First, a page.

- South Africa has been put on yet another test that could see power relations in the regional bloc, the Southern African Development Community (SADC), fused once more.
This follows the recent verdict by the SADC tribunal against the seizure of farm lands in Zimbabwe.
The High Court in Pretoria has also ordered that the tribunal’s ruling should be registered, recognised and enforceable by the South African government.
A group of South African farmers, who were evicted from their land in Zimbabwe had challenged the non-compliance by the Zimbabwean government to the SADC Tribunal’s ruling.
High Court Judge, Justice Garth Rabie ruled in favour of farmers, whose argument has been that the seizure of their land without compensation was a human rights abuse.
The legal representatives of the farmers, AfriForum, have welcomed the South African High Court ruling saying it was a coup for the farmers, further adding that Zimbabwe must now be pushed to honour the tribunal’s verdicts made in 2008 and 2009 respectively.
The latest of the tribunal rulings in 2009 had also declared that should Zimbabwe not honour its obligations, South Africa, as a SADC member, could attach Zimbabwe's assets as compensation and to protect its citizens.
The Zimbabwean government has always shunned the Tribunal’s rulings and at one point the Justice Minister on the side of President Mugabe, dismissed the verdict as a bluff.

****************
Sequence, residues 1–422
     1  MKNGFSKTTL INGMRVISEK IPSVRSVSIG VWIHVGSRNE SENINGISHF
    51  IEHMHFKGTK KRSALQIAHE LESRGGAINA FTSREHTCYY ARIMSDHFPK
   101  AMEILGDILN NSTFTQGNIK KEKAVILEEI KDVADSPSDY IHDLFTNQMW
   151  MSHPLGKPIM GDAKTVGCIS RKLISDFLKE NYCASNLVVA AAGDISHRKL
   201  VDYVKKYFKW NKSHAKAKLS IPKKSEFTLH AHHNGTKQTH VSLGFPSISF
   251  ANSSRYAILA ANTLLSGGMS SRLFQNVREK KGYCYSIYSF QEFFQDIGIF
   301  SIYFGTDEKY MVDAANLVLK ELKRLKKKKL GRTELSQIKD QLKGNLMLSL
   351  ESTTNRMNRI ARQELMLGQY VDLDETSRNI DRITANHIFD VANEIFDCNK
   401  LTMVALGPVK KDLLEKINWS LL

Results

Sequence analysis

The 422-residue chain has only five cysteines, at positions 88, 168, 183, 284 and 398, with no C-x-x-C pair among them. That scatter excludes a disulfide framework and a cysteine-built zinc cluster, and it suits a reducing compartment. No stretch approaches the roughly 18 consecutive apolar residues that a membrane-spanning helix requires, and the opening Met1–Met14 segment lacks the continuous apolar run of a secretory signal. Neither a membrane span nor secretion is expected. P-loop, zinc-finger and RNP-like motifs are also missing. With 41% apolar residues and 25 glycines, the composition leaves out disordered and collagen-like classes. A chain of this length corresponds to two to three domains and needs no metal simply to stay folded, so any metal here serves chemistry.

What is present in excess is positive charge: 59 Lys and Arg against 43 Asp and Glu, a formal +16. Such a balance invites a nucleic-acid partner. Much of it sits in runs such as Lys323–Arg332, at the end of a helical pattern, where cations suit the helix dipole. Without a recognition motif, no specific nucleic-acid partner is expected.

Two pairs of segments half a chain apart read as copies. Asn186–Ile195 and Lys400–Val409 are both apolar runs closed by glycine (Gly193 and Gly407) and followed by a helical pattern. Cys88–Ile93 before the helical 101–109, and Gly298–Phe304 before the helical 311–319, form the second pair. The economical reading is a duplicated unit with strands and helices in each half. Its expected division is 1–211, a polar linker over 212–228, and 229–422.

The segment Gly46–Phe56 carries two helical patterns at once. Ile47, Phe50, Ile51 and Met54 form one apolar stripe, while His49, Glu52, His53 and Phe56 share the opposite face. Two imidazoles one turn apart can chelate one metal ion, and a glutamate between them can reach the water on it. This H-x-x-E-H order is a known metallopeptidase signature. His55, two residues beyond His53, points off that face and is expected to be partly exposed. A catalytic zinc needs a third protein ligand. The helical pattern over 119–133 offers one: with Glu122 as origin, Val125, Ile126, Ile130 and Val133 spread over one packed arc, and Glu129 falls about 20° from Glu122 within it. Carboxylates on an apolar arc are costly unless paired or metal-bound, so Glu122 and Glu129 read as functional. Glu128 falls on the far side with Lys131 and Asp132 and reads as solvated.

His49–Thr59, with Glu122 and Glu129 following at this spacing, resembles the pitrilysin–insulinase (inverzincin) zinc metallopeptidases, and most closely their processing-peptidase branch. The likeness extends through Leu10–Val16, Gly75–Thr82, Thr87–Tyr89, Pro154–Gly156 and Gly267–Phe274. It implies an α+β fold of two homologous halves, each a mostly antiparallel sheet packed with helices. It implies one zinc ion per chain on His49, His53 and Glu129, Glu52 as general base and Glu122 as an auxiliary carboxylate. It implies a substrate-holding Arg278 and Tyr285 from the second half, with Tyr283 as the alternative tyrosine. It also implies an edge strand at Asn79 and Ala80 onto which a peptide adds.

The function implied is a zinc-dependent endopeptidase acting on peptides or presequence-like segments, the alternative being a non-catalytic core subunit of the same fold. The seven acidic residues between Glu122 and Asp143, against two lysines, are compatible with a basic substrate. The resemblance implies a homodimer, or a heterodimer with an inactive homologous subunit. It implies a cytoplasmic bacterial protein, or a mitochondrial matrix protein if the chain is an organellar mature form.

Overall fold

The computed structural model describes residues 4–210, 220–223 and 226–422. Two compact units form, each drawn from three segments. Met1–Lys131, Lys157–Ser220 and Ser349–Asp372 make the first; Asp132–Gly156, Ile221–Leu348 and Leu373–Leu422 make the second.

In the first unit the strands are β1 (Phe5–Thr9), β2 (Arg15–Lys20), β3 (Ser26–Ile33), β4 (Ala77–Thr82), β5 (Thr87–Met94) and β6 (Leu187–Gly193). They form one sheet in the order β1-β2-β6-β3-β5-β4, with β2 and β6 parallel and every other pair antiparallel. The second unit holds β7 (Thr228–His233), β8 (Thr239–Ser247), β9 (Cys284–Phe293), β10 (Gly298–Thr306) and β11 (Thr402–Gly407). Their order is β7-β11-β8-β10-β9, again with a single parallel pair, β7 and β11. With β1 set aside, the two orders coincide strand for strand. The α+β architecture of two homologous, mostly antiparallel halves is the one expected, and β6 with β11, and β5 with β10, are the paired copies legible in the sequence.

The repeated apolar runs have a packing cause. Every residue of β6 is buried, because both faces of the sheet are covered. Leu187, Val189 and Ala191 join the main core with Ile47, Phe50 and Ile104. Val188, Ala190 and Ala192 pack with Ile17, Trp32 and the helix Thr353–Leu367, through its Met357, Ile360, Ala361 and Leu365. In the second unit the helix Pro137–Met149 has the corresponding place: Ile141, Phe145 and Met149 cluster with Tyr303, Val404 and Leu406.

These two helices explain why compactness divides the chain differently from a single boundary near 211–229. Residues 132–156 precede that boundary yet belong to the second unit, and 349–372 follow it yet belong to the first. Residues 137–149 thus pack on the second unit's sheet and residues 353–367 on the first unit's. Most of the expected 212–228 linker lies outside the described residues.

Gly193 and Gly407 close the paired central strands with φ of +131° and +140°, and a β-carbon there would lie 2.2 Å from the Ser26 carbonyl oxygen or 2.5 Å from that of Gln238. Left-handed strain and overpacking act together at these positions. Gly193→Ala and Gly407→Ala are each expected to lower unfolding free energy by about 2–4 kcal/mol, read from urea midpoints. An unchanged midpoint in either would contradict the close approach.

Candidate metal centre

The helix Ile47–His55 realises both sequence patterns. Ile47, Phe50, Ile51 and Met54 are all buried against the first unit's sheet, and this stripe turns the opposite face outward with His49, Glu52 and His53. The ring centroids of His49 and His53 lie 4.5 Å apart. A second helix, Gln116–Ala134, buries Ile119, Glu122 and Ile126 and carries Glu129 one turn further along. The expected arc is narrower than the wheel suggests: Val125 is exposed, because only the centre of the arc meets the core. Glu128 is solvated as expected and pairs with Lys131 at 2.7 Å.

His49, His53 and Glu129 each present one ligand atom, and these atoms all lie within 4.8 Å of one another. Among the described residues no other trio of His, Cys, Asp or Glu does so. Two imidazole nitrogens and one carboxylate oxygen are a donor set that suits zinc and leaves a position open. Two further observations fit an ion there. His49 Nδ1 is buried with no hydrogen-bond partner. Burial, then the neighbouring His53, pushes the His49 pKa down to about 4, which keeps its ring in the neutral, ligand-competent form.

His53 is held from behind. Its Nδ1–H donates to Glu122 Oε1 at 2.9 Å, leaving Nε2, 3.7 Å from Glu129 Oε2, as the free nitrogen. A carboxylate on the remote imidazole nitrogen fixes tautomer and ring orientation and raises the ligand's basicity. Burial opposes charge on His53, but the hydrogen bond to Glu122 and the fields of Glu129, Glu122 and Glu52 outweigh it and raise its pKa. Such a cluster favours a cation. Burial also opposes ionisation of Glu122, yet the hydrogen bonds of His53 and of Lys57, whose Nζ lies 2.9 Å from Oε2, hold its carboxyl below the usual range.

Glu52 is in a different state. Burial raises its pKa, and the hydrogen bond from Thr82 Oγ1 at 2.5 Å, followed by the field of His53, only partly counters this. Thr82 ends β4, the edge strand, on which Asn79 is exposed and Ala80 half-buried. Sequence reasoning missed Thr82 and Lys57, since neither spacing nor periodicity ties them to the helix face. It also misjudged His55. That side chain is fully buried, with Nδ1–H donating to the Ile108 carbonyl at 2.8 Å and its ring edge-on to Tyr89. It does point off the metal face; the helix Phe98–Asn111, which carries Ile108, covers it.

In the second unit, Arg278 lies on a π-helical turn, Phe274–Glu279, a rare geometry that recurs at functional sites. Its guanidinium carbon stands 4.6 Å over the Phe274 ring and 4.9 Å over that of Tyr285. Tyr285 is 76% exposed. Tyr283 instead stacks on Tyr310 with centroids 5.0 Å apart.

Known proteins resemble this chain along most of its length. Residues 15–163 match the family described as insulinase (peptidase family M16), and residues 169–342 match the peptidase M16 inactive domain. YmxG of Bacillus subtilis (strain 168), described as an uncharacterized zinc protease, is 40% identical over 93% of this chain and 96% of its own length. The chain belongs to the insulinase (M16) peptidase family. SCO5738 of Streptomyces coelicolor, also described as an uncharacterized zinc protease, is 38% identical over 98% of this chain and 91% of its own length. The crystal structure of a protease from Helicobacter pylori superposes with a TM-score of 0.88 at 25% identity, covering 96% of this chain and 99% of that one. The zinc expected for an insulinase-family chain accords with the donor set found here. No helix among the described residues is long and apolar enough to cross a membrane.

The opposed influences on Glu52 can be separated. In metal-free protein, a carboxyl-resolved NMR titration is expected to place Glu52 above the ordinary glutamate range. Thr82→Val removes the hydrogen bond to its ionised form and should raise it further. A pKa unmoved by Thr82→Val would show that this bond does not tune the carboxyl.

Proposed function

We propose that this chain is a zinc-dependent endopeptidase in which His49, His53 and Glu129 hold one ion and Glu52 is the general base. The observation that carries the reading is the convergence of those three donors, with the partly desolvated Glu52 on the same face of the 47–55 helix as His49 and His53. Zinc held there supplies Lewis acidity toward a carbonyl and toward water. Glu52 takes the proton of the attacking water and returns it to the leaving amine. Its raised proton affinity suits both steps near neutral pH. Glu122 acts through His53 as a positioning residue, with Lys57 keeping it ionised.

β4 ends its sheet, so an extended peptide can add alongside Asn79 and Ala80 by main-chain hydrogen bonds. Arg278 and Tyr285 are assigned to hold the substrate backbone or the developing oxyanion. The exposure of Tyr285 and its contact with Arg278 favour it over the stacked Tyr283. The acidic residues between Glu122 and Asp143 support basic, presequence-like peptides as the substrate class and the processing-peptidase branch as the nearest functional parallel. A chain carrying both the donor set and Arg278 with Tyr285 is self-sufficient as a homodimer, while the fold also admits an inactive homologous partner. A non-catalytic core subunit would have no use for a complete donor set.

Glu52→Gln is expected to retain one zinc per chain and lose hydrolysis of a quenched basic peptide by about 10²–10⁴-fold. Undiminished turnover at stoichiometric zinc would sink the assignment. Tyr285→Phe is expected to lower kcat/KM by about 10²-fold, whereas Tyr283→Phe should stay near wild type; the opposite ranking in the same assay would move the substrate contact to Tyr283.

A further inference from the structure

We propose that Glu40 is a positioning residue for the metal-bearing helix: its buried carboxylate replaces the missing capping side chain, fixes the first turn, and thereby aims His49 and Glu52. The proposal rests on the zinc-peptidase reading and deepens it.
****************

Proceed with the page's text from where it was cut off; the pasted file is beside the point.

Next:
With more 200 South African farmers having been affected by the forced evictions on Zimbabwean farms, the latest human rights puzzling question has also been whether the cash-strapped Zimbabwe would be able to cough out some of the compensation demands, while the country is still struggling to meet its basic local needs.
Zimbabwe was forced into a hyperinflation due to continued political crisis coupled up with dysfunctional administration systems. The formation of a unity government in February last year brought some hope of a positive recovery at all the spheres of the economy, human rights and the political field.
But, to date, the rumbling goes on, uncertainties continue and the western purse-holders are still reluctant to fund the country directly.
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